Antibiotics were better than cranberry capsules, when it comes to prevent recurrent urinary tract infections, shows a new study of women In Netherland who suffered from recurrent infections. Women taking antibiotics had less UTIs over the next year in comparison to those taking cranberry capsules.
However, those women also developed a resistance to antibiotics, meant their body might not respond to the drugs if they required them to treat another infection. About three in ten women suffer from recurring UTIs at some point in their lives. The infections frequently go together with a strong urge to urinate often plus a burning sensation during urination.
In a study team led by Dr Marielle Beerepoot of Amsterdam’s Academic Medical Center arbitrarily assigned more than two hundred premenopausal women reported having at least three UTIs, in the previous year to take cranberry capsules each day. After one year there were more than twice as many UTIs in the group treated with cranberry, in comparison to those received antibiotics.
After one month, though eighty-six percent of the E coli samples from the antibiotic treated group were showing resistance to the medications. It is compared to twenty-four percent from women treated with cranberry supplementations. On average, women got their first new infection eight months after starting the drug treatment versus four months into taking cranberry capsules.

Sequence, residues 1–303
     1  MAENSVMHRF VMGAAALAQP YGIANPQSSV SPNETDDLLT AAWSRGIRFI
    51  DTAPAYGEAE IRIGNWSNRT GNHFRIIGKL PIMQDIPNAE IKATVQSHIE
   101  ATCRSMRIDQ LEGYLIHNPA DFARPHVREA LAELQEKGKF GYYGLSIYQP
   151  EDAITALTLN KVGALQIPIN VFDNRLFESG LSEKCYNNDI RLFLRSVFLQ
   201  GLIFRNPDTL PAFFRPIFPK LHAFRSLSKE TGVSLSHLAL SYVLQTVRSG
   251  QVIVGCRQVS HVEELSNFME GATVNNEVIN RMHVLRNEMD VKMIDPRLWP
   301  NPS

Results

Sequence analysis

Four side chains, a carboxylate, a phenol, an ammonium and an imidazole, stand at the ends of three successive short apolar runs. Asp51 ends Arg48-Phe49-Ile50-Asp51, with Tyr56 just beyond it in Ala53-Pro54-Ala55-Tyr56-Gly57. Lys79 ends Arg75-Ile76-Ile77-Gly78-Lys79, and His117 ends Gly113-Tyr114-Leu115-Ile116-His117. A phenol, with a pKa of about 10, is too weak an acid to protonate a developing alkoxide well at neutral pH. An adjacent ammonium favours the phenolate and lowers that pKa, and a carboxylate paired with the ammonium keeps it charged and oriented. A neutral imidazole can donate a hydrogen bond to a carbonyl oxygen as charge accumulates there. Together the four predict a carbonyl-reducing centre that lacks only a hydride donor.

According to Betsy Foxman, an epidemiologist at the University Of Michigan School Of Public Health, when it comes to antibiotics for UTIs, there is a really significant need to search for alternatives and to reassess both what they have done in terms of treatment and prophylaxis. Women with recurrent UTIs should have a conversation with their doctor about preventing the infections.
There are women who would prefer to take something natural with a lower risk of side effects, even if they know that they’ll have slightly increased risk of a urinary tract infection, explained Dr Megan Schimpf, an assistant clinical professor of obstetrics and gynecology from the Perelman School of Medicine at the University of Pennsylvan.
The take-home message of the study is that cranberries are less effective than the antibiotics in treating UTIs, but antibiotic resistance is a big problem, added Dr Beerepoot.